May 18, 2016 68mathpractices, mpreasoning, mprepeatedreasoning
Mathematical Practice 3 for Middle School Students: Vocabulary to Construct Viable Arguments and Critique the Reasoning of Others
By: Jeff Todd
We are looking at Mathematical Practice 3 today as a part of a series of blog posts on using the Standards for Mathematical Practice at the middle school level. Mathematical Practice 3 asks students to construct viable arguments and critique the reasoning of others. Today’s download is a poster for your classroom that lists words you can use to help students construct sentences in order to achieve this math practice.
In my first years as a teacher, asking students to use the word “because” was a big part of my effort to have them construct viable arguments and critique the reasoning of others. Through the years, I have learned the value and importance of teaching students how to use vocabulary beyond “because” as a way of building their skills and ability and becoming proficient in Math Practice 3.
Conjunctive Adverbs
These are the most powerful words I have taught my students, and learning them can be fun. My school’s ELA teachers love that I support their work in having students write compound sentences in math class. Writing compound sentences can be made fun by emphasizing the conjunctive adverb to denote its use. (A dramatic pause, then “however” while pointing a finger in the air can become a memorable classroom routine!)
Here is a partial list of conjunctive adverbs that students can use to construct viable arguments and critique the reasoning of others:
You can download a poster of these words — hang it in your classroom and ask students to rephrase a response by including one of the words. Students love to sound sophisticated as they learn to use new language. One way to encourage students to use this vocabulary is to drop a marble in a jar every time a student uses one of the words (without you urging them to) and provide the class with a reward when the jar is full. Remind students that the standard punctuation for a conjunctive adverb in the middle of a sentence is to use a semicolon before it and a comma after it.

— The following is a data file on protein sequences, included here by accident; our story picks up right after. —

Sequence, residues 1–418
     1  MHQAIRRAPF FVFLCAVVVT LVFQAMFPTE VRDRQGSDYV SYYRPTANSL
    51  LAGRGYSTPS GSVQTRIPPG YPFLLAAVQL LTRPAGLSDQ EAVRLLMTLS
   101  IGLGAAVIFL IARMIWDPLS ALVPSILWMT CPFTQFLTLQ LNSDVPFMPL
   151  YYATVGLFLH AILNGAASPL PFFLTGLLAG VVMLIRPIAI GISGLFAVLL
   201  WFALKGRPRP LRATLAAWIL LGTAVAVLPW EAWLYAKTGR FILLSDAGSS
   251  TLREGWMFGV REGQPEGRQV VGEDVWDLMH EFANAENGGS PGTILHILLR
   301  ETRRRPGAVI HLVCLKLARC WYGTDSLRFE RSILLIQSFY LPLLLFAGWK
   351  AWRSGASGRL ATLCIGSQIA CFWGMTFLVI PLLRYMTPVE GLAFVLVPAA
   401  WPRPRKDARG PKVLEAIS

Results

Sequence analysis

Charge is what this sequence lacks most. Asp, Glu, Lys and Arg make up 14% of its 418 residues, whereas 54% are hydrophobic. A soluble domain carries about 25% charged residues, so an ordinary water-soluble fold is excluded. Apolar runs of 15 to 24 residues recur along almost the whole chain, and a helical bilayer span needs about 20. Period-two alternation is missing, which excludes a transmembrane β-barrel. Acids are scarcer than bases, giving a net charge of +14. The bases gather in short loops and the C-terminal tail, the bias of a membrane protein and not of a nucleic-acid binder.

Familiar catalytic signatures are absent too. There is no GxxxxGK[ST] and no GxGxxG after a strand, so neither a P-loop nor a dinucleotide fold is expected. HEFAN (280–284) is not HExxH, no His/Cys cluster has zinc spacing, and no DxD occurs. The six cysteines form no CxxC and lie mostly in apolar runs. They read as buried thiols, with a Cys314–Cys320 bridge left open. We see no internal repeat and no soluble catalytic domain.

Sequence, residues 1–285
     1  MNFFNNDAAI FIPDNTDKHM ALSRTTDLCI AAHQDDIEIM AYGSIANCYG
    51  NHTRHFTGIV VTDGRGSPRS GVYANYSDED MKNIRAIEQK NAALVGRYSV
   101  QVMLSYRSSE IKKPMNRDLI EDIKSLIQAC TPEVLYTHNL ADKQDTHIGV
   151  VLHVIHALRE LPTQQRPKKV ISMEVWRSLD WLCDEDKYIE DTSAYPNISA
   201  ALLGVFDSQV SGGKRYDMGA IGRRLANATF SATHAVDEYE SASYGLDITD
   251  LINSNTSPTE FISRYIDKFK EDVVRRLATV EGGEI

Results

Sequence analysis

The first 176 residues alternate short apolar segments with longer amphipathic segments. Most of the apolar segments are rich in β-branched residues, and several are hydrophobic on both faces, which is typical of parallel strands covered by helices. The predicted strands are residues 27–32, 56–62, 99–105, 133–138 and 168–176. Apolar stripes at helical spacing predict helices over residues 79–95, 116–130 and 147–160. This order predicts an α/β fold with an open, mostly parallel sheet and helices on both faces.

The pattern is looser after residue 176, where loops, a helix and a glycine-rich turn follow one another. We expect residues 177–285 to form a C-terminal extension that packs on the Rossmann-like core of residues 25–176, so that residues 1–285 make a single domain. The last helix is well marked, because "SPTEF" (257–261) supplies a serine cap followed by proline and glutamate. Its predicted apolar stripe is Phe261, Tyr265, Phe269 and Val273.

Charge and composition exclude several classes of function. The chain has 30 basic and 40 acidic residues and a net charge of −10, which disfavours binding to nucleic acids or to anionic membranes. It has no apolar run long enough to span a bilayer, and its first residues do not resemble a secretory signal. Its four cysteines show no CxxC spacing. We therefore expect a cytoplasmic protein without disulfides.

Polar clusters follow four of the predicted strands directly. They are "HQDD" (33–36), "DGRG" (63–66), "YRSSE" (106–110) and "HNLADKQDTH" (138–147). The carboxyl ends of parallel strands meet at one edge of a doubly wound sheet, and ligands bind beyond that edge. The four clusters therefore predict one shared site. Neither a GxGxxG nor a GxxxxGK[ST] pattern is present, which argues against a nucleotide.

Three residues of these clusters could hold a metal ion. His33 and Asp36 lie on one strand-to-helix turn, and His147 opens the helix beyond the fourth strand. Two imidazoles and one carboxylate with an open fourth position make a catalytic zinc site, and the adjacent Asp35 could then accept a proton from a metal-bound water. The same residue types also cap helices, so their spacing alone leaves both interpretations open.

Here are some examples of how you can use these words to help students employ Mathematical Practice 3.

A rectangle must have congruent diagonals; otherwise, it would only be a parallelogram.

The word problem sounds like a missing factor problem; therefore, I can solve it using division.

She said that all square roots are irrational numbers; instead, I think that some square roots are rational, like the square root of four, which is two.

I thought that the two shapes were similar when I first looked at them; nonetheless, they can’t be similar because the ratio of their corresponding sides doesn’t make a proportion.
Tier 2 Verbs
Tier 2 words are used across disciplines in writing because they are academic vocabulary, but they are not commonly used in oral language. Tier 2 words are crucial for students to be able to employ Mathematical Practice 3. For instance while the word “argue” might be common to students, to “argue” that a figure must be a square probably won’t end up with yelling and screaming in the same way as an argument in a television sitcom might. Students need to understand that the academic definition is different from everyday usage.
Students need explicit instruction in the use of academic verbs that will help them construct viable arguments and critique the reasoning of others. I believe that the following verbs, among others, are important for students to learn:

Argue

Assume

Clarify

Conclude

Critique

Defend

Infer

Justify

Predict
Middle school is an important time for students to develop their abstract thinking. At this time, students are starting to craft arguments and reasoning to explain their work. Focusing on vocabulary development will help students to construct viable arguments and critique the reasoning of others. To help you implement this in your classroom, download the poster of the conjunctive adverbs so students can refer to them as they learn to use Mathematical Practice 3.